(ISBN 1-84435-316-3)





 Thomas Brewster is

 haunted by the ghost

 of his drowned

 mother. But she is not

 the only apparition

 to disturb his

 dreams. Every few

 years, he is visited by

 a mysterious blue


 Helped by his new

 assistant, the young

 Scots scientist Robert

 McIntosh, the Doctor

 struggles to unravel

 the twisted knot of



 which bind the TARDIS

 to Thomas Brewster.

 Meanwhile, lost in the

 stews of Victorian

 London, Nyssa must

 face a host of

 spectral creatures

 gathering in the fog.


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The Haunting of Thomas Brewster

APRIL 2008







The Haunting of Thomas Brewster is Big Finish’s most remarkable offering of the year to date. By turns eerie and gritty, Jonathan Morris’s Dickensian homage blends a number of usually ring-fenced Doctor Who subgenres to form an enchanting and thoroughly gripping four-parter that deserves a category all of its own.


There are shades of the relatively recent Doctor Who and Torchwood episodes Love & Monsters and Random Shoes in the play’s opening moments, as Morris tells the story from the fresh perspective of Thomas Brewster, the workhouse urchin of the title. Orphaned at a young age when his mother took her own life, Brewster has since been haunted by her vaporous presence – and that of a strange blue box.  However, within moments we are steered into far more transfixing waters as, much like its time-travelling, Dementor-like antagonists, Morris’s tale pulls itself up by its bootstraps, using its temporally-displaced climax to create intrigue in the very first episode. This sets the stall for the tumultuous tale of impossible apparitions and apparent impossibilities that is to follow.


Under more conventional circumstances, a thirty year-old playing a Victorian scallywag might have raised an eyebrow or two, but as he’s sharing a dressing room with a fifty-seven year-old playing a nine hundred year-old and a forty-six year-old playing a teenage girl, I think that John Pickard (2.4 Children, Hollyoaks) just about gets away with it. His rapscallion Brewster is nothing short of sublime, achieving just the right balance between cliché and credibility. Brewster may well have been cast from an Artful Dodger-like mould, but he’s a damn sight more relatable. Leslie Ash is also imposing as late Mother Brewster. As I was a big fan of Simon Nye’s sitcom Men Behaving Badly, and I’ve not really seen Ash in much else, I went into this play with certain preconceptions about her – preconceptions that she instantly dispelled with her unsettling performance. As odd as it sounds, it doesn’t sound like her.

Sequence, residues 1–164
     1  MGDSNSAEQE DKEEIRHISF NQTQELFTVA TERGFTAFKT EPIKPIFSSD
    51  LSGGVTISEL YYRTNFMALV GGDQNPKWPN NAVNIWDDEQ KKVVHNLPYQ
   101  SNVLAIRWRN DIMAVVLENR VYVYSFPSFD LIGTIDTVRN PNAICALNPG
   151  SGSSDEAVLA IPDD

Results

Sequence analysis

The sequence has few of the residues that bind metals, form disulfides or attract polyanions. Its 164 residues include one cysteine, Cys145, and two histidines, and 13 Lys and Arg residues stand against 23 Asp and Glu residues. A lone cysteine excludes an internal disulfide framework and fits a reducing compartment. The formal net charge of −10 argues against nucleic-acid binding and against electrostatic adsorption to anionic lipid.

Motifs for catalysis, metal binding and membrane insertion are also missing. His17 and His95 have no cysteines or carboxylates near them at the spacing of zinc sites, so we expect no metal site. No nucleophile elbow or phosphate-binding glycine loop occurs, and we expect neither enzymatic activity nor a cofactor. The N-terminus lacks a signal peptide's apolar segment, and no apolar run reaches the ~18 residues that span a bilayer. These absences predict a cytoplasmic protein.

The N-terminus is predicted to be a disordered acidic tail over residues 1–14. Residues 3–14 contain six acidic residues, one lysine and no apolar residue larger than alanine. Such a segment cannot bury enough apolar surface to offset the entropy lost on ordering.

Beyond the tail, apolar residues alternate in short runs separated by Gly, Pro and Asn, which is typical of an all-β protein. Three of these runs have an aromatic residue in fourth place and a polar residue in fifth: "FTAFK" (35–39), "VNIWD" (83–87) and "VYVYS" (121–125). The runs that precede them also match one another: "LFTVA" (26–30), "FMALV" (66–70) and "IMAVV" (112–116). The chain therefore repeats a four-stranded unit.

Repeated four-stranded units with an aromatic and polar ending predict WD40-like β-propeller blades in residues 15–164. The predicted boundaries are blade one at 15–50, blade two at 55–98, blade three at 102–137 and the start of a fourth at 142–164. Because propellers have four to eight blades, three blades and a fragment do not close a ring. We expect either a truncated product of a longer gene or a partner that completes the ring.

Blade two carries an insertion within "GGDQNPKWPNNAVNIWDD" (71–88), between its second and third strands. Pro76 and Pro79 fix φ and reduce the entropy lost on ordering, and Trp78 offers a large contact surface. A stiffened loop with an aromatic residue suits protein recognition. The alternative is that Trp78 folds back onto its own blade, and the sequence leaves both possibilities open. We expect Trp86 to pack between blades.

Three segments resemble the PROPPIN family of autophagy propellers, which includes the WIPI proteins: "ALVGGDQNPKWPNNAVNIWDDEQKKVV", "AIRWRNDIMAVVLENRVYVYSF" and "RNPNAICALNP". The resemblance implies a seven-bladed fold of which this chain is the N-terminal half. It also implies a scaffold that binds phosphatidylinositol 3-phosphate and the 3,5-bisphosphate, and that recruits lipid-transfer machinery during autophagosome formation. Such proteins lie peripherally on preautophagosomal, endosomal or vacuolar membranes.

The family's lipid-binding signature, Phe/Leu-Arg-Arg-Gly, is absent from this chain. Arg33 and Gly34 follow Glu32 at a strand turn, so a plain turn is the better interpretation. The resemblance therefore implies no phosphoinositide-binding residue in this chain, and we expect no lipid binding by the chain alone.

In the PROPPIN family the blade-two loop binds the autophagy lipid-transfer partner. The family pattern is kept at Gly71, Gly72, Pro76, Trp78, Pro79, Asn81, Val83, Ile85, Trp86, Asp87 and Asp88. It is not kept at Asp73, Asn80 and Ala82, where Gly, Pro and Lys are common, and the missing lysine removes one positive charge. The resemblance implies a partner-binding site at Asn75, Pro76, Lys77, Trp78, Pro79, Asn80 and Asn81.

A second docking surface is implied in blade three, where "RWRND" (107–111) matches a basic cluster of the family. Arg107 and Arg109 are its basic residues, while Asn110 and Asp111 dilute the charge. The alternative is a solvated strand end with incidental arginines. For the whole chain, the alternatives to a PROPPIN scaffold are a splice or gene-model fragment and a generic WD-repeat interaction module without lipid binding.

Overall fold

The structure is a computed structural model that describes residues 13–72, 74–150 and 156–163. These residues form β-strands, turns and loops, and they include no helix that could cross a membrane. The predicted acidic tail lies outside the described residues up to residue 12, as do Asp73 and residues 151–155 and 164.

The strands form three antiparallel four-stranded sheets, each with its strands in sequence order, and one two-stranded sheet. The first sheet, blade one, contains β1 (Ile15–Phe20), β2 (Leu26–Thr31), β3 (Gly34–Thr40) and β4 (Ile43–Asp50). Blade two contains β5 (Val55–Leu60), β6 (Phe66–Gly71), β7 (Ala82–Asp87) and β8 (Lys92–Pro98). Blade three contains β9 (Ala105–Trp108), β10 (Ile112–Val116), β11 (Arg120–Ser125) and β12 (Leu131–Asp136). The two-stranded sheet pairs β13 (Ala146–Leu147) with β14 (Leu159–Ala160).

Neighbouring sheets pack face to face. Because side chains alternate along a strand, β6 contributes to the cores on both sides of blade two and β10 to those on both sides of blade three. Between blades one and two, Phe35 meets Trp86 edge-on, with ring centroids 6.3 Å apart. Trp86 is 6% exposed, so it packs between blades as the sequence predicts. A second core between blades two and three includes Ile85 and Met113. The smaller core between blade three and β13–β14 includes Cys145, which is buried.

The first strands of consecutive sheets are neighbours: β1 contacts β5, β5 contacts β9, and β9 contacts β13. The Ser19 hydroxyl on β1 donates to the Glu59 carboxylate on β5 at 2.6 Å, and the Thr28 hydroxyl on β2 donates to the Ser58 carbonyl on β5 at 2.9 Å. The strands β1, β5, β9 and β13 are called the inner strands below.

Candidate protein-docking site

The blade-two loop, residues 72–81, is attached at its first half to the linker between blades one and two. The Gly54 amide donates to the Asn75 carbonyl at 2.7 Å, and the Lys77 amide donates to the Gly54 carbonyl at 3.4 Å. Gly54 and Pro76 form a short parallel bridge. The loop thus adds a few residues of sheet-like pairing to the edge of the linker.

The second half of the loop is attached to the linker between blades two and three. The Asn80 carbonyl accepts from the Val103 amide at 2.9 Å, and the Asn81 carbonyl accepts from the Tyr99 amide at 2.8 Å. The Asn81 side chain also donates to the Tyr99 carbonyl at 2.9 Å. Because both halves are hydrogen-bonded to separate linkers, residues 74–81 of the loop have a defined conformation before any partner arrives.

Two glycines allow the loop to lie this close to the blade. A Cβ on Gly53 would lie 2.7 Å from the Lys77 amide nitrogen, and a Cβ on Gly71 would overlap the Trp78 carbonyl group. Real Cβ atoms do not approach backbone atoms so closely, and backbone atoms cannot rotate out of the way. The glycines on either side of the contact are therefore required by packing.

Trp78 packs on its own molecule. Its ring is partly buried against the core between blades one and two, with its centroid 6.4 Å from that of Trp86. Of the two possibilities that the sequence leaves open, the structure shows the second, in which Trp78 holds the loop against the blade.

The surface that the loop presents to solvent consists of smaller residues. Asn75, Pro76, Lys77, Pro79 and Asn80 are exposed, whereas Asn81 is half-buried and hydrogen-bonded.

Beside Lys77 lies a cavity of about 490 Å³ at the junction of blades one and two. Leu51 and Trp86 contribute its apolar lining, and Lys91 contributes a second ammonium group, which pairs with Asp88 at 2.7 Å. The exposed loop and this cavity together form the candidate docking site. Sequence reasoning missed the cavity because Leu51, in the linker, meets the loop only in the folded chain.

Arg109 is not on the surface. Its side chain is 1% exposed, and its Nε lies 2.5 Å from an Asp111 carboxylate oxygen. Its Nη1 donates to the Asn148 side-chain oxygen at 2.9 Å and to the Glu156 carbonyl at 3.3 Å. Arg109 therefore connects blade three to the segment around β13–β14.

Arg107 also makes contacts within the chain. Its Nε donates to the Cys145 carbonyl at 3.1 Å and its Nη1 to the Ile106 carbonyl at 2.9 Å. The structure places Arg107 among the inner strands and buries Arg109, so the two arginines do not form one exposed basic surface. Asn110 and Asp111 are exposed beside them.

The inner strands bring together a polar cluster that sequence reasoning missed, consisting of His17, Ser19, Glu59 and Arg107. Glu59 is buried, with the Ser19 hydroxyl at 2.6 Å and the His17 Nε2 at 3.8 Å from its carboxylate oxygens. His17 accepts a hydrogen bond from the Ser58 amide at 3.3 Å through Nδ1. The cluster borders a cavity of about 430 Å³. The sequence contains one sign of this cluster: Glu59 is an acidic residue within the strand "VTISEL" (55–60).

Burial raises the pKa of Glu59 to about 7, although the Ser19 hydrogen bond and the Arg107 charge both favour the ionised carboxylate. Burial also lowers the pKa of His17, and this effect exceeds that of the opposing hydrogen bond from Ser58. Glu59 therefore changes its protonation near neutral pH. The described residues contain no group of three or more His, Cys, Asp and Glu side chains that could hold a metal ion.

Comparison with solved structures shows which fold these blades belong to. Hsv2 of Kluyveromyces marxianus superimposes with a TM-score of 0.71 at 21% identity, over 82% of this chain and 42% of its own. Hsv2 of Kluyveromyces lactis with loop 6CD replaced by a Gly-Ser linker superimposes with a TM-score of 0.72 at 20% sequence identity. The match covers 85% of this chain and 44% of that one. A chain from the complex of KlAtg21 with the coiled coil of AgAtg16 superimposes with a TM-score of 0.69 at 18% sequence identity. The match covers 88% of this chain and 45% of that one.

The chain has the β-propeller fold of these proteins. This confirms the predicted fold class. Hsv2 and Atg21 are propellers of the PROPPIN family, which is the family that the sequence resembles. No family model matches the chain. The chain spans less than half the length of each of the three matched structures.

Peter Davison and Sarah Sutton are both gifted some magnificent material too, particularly the former. The Doctor’s Brewster-inflicted exile allows the Spamalot star to put a new spin on his character, who inveigles himself into Victorian academia and – as he looks “too young” to be taken seriously - grows a beard, humorously mirroring what Davison looks like these days. The Doctor even acquires an assistant – and I literally mean an assistant – whom, extraordinarily, he decides to shield from his wondrous world. The Bride of Peladon’s Christian Coulson imbues the mild-mannered Robert McIntosh with an amiable sense of loyalty and discretion – not once does he ask about the police box in the corner of the Doctor’s study, and never does he suspect that his genial paymaster is a marooned alien time traveller. However, the revelations that follow Nyssa’s reunion with the Doctor allow Morris to break new dramatic ground with McIntosh in a manner that’s reminiscent of the revived television series.


I must also highlight the hefty contributions made by director Barnaby Edwards and especially sound designer Simon Robinson. The Haunting of Thomas Brewster has an ambience that’s all its own; a distinct and disquieting identity that’s only heightened by the synthetic Oriental riff that dominates its score.


If you’re looking for something bold and beautiful, then you’ve just found it. As Morris says himself, The Haunting of Thomas Brewster is a ghost story and a detective story and a base under siege story and a bona fide head-scratcher, yet I feel that it’s somehow much more than the sum of its parts – and, if its cliffhanging ending is anything to go by, a long way from over.





Copyright © E.G. Wolverson 2008

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